As a parent, it’s difficult to sit before another adult, the one who sees your child more often than you do most days, and hear strengths and weaknesses boiled down to a few phrases. It’s hard to see the essence of your child, the person you worry about and care about and love most of all, boiled down to a reading level and a math assessment and a couple of quotes.
As a teacher, it’s difficult to truly know a student after only seven weeks of school. At the same time, it’s difficult to fully describe the child in only 15 or 20 minutes.
During Cooper’s first-ever conference, more than 13 years ago, the teacher told me she was concerned that my son had no fear of strangers. “He will smile at everyone,” she intoned. “He will wave at everyone.”
Her stoic pause and intense eye contact told me that I, too, should be worried, but I couldn’t understand why. I was on edge the rest of the meeting, unable to focus on all the boxes with checkmarks, instead internally fretting over my firstborn’s lack of discernment.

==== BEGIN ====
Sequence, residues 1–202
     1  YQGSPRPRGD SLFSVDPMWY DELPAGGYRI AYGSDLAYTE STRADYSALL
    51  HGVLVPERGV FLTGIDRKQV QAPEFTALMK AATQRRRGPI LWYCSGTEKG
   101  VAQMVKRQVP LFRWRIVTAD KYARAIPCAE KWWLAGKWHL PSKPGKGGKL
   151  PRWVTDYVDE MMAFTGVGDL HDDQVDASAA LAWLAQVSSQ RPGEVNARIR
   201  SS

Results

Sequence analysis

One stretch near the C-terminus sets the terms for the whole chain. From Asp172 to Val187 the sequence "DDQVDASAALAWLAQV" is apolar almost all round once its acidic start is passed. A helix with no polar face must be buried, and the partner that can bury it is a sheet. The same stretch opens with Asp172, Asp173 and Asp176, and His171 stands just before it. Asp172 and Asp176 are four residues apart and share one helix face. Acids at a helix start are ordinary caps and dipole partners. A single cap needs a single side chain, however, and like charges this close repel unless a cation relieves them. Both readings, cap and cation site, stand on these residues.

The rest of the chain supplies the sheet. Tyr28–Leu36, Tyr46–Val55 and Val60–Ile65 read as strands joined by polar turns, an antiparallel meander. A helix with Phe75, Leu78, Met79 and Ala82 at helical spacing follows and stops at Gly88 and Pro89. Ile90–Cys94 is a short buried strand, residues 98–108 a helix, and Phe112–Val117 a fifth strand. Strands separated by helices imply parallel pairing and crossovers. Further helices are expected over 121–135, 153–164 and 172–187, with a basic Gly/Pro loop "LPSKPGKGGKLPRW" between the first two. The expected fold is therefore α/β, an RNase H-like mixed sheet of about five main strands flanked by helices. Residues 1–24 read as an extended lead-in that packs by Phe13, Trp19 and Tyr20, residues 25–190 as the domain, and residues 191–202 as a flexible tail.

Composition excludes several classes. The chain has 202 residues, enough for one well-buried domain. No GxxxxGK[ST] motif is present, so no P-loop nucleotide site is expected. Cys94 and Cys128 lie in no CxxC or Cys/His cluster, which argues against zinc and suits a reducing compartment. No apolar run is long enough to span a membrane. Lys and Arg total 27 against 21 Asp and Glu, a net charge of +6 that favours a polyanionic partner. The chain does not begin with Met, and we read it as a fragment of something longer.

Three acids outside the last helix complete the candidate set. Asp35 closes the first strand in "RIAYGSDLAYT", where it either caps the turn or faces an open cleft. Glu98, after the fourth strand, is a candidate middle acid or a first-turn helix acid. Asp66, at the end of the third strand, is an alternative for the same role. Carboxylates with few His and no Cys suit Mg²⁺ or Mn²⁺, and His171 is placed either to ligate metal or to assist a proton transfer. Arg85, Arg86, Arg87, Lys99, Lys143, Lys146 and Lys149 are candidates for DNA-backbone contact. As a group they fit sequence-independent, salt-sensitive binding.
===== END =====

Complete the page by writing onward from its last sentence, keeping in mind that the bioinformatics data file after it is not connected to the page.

It’s been like that ever since — well-meaning teachers, excellent teachers, reporting data that attempt to define my children.
Can they sit on their pockets during calendar time? Can they sit in a chair for a lesson? Can they stand in line without talking?
Can they identify letters and sounds? Write letters? Write a complete sentence? Write a complete paragraph? Can they count? Add one-digit numbers? Subtract? Solve multistep word problems? Solve division problems using area models?
It’s all important, yes, but it doesn’t add up to the total child. All that data doesn’t reflect the heart and spirit of a person. It doesn’t necessarily reveal resiliency or a delightful sense of humor or a healthy dose of whimsy. A 20-minute conference can’t begin to capture the soul.
Knowing all of that makes it even more challenging to be the one responsible for collecting data and anecdotal notes, for reporting the academic, social and emotional essence of a child.